China's Government Signals All Clear To Volvo
No big deal in China is done until it’s signed and sealed – by the Chinese government. In the case of Volvo, there won’t be any Hummeresque killing me softly. Geely’s deal to buy Volvo from Ford, reached last month, will be waved through the (necessary) approval process.
In China, any deal of that size (or even smaller) must go through an approval process. Unless you have a collection of red “chops” from various “relevant authorities” on sundry applications and licenses, no deal. A deal can get entangled in red tape and eventually die from exhaustion, as it was in the Hummer case. Or it can happen very fast.
Zhang Xiaoqiang, vice chairman of the National Development and Reform Commission (NDRC), went to the unusual step of saying that the Chinese Government is optimistic about approving Geely’s purchase of the Swedish brand Volvo Cars, state-owned China Daily reports.
“We will take an affirmative attitude towards the deal if the enterprise would offer a reasonable proposal on the preparation work,” he said Saturday while addressing a panel discussion at the Boao Forum for Asia.
In related news, China Daily reports that “American car buyers are undeterred by Geely Automobile Holdings Ltd’s purchase of Volvo, judging from their response at the New York International Auto Show.”
Even more importantly, “most potential buyers voiced little concern over Geely’s recently announced takeover of Volvo,” writes the state-owned organ. With that out of the way, the deal can proceed.
I think the state owned organ will prove to be mistaken. Volvo will not be hurt by its Chinese association only if Geely does an excellent job of hiding it with some smart marketing. I don't ever see myself in a Geely wether it's called Volvo or anything else.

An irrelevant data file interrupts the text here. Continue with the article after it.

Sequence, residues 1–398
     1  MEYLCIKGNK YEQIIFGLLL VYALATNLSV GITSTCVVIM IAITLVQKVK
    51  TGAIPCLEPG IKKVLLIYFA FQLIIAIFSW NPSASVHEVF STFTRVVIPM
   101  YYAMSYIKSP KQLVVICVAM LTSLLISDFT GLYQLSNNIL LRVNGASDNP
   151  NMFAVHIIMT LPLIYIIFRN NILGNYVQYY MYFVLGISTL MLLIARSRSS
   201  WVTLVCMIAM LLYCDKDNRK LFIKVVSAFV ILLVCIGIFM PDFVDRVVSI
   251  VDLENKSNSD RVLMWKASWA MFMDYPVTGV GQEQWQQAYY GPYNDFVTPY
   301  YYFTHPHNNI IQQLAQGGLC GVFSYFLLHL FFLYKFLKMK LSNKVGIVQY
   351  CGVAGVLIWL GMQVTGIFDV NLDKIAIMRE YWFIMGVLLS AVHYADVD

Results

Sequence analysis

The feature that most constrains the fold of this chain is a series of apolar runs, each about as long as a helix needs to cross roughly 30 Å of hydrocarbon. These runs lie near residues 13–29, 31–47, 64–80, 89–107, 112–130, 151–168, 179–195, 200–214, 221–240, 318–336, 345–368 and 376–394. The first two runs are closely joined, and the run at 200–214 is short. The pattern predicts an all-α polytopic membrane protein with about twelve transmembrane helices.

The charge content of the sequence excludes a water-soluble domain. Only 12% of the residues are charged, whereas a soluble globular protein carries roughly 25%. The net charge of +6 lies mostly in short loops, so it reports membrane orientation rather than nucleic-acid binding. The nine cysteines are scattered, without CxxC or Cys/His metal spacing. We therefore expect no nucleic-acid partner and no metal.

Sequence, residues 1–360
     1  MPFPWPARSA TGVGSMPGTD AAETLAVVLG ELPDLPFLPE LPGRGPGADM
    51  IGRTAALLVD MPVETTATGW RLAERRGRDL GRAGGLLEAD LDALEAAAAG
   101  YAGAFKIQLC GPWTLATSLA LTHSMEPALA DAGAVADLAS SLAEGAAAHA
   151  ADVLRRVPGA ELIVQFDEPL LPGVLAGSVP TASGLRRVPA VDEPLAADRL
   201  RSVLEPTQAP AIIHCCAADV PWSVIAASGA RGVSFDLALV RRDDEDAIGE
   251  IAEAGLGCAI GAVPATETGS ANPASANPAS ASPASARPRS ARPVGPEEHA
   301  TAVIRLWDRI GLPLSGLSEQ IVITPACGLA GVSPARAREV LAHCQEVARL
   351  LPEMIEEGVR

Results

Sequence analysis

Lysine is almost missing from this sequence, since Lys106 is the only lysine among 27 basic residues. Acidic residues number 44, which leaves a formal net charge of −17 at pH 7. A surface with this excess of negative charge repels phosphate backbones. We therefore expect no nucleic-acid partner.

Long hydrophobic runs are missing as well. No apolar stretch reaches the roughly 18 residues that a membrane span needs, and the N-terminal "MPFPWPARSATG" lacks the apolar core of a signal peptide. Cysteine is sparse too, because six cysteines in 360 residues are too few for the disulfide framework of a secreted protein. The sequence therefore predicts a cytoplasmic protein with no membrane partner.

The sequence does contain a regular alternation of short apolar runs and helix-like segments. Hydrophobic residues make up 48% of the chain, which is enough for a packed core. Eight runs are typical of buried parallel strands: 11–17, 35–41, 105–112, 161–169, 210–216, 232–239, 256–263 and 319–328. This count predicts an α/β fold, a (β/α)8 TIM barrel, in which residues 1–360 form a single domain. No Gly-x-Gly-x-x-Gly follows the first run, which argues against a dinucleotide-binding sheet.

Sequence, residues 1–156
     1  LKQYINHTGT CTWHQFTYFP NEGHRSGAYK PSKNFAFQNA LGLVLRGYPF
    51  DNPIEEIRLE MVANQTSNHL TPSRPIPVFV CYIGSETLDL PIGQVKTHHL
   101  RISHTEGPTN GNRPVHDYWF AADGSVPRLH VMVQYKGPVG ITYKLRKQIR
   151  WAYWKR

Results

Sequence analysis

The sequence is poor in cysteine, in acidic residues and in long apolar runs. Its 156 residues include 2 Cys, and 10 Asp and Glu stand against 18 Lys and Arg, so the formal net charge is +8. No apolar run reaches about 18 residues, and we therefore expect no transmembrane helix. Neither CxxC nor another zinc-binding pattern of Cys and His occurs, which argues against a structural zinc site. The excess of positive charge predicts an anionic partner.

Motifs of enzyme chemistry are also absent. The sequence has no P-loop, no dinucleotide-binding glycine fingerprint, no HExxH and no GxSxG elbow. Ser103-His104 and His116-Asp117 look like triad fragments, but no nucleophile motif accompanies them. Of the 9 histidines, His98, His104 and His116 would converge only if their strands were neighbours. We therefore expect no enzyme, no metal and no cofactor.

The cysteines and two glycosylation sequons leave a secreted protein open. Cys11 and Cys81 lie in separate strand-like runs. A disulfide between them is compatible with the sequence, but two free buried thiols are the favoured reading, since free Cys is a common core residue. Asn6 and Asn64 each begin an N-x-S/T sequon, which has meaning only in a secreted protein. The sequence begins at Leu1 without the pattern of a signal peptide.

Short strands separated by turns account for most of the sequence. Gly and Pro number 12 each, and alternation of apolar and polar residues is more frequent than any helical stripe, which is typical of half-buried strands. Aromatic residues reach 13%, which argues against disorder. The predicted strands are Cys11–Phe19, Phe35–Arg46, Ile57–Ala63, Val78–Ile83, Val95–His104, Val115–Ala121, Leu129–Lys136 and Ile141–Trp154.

While some people in America may be scared away by the Chinese association, Volvo stands to gain more from Chinese government protection and procurement than they stand to lose in America. If Tata can run Jaguar and people still buy Jaguars, then why wouldn't it work with Geely and Volvo.
Give both the Tata and Geely deals some time to simmer. Right now, and for the short-term, you have two companies with the Ford imprint ... it will take some time for the new owners to replace that with their own (as the Ford-approved product plans are replaced with those of their new owners, and as any supply or IP agreements between Ford and its former subsidiaries expire. It will take a good 5 years to see vehicles out of both companies that are more Tata/Geely than Ford.
Reading this article on a Lenovo T61p laptop, formerly IBM. Been a pretty good computer. The Chinese are plenty capable of building good stuff. The question is will Geely cost reduce Volvo out of existence, destroying safety brand identity, or will they let Volvo be Volvo while shifting manufacturing to China? In my opinion Ford did a much better job of preserving the Volvo brand than GM did with Saab.